Basic Analysis > Bootstrapping > Example of Bootstrapping
Publication date: 11/10/2021

# Example of Bootstrapping

This example uses the Car Physical Data.jmp sample data table. A tire manufacturer wants to predict an engine’s horsepower from the engine’s displacement (in3). The company is most interested in estimating the slope of the relationship between the variables. The slope values help the company predict the corresponding change in horsepower when the displacement changes.

In this example, the regression assumption of homogeneity of variance is violated, so the confidence limits from the regression analysis for the slope might be misleading. For this reason, the company uses a bootstrap estimate of the confidence interval for the slope.

1. Select Help > Sample Data Library and open Car Physical Data.jmp.

2. Select Analyze > Fit Y by X.

3. Select Horsepower and click Y, Response.

4. Select Displacement and click X, Factor.

5. Click OK.

6. Click the red triangle next to Bivariate Fit of Horsepower By Displacement and select Fit Line.

The slope estimate is 0.503787, approximately 0.504.

7. (Optional) Right-click in the Parameter Estimates report and select Columns > Lower 95%.

8. (Optional) Right-click in the Parameter Estimates report and select Columns > Upper 95%.

The confidence limits from the regression analysis for the slope are 0.4249038 and 0.5826711.

9. Right-click the Estimate column in the Parameter Estimates report and select Bootstrap.

Figure 11.2 The Bootstrap Option The column that you right-click is relevant when the Split Selected Column option is selected. See Bootstrapping Window Options.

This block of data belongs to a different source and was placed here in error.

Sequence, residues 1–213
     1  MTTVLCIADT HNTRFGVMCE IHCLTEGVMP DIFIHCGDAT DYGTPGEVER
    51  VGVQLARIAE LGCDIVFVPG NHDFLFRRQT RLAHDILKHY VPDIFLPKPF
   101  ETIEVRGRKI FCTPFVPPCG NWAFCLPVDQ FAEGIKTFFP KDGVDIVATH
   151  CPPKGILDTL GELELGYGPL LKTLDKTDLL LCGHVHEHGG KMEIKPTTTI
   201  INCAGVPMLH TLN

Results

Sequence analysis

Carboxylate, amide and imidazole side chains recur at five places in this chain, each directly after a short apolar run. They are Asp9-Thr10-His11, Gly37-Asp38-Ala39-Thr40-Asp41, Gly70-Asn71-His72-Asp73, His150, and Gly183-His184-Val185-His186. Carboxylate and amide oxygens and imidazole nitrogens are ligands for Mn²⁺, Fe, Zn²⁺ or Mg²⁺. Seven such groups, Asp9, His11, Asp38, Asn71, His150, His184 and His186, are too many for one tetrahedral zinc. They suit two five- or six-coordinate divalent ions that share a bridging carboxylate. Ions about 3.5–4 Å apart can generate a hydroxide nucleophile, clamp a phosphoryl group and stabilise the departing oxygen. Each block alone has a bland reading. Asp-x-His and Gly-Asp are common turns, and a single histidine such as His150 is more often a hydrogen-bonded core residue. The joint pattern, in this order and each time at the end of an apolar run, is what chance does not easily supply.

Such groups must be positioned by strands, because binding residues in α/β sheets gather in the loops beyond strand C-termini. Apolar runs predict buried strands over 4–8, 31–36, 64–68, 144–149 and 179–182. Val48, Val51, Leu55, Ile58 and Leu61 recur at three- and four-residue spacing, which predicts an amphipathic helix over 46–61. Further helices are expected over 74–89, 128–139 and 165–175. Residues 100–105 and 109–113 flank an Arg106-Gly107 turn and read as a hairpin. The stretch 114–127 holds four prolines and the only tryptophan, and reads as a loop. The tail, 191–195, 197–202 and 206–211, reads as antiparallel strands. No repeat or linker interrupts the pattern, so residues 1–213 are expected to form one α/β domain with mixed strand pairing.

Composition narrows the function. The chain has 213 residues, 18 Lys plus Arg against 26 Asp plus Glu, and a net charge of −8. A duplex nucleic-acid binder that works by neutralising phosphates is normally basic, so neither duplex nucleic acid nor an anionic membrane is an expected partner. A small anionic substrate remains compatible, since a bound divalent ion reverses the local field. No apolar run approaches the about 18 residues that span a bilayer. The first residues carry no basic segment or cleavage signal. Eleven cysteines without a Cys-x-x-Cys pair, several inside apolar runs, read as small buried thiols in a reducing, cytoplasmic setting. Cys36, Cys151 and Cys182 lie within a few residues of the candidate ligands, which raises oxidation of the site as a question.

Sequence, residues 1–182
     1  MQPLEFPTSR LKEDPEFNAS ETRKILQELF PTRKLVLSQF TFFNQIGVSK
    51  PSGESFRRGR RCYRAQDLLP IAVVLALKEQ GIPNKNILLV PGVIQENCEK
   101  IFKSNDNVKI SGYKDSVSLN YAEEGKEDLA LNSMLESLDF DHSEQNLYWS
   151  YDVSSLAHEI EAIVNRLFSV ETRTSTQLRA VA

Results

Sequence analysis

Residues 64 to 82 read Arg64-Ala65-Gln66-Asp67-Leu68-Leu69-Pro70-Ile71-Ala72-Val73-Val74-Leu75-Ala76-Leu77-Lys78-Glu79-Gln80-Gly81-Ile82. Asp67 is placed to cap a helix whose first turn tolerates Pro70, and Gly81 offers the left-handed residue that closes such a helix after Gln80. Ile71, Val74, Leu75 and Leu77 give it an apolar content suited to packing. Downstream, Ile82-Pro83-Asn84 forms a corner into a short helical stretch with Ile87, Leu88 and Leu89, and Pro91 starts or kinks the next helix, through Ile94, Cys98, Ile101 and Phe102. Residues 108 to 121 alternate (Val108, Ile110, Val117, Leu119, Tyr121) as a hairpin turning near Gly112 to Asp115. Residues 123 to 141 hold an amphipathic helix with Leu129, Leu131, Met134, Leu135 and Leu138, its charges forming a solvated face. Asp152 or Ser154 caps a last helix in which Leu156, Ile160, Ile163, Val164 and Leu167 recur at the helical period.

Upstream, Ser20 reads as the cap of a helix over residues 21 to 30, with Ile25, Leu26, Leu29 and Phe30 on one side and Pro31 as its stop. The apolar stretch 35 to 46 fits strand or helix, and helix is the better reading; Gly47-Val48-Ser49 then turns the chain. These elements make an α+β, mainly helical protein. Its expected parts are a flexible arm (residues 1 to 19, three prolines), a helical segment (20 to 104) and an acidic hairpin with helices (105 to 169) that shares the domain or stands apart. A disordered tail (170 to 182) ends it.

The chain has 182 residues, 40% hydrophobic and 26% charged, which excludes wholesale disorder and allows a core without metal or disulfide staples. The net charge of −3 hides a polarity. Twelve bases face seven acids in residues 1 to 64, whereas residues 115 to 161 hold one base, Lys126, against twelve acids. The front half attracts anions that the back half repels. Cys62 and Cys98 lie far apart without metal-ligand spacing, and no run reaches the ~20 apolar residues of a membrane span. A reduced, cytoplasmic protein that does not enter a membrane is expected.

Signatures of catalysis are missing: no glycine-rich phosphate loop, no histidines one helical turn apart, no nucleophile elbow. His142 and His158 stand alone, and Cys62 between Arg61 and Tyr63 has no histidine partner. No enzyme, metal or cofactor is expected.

10. Type 1000 for the Number of Bootstrap Samples.

11. (Optional) To match the results in Figure 11.3, type 12345 for the Random Seed.

12. Click OK.

The bootstrap process runs and produces a Bootstrap Results data table with unstacked results for the slope and intercept.

Next, analyze the bootstrapped slope.

13. In the Bootstrap Results table, run the Distribution script.

The Distribution report includes the Bootstrap Confidence Limits report.

Figure 11.3 Bootstrap Report The estimate of the slope (step 6) is 0.504. Based on the bootstrap results for 95% coverage, the company can estimate the slope to be between 0.40028 and 0.61892. When the displacement is changed by one unit, with 95% confidence, the horsepower changes by some amount between 0.40028 and 0.61892. The bootstrap confidence interval for the slope (0.400 to 0.619) is slightly wider than the confidence interval (0.425 to 0.583) obtained using the usual regression assumptions in step 7 and step 8.

Note: The BC Lower and BC Upper columns in the Bootstrap Confidence Limits report refer to bias-corrected intervals. See Bias-Corrected Percentile Intervals.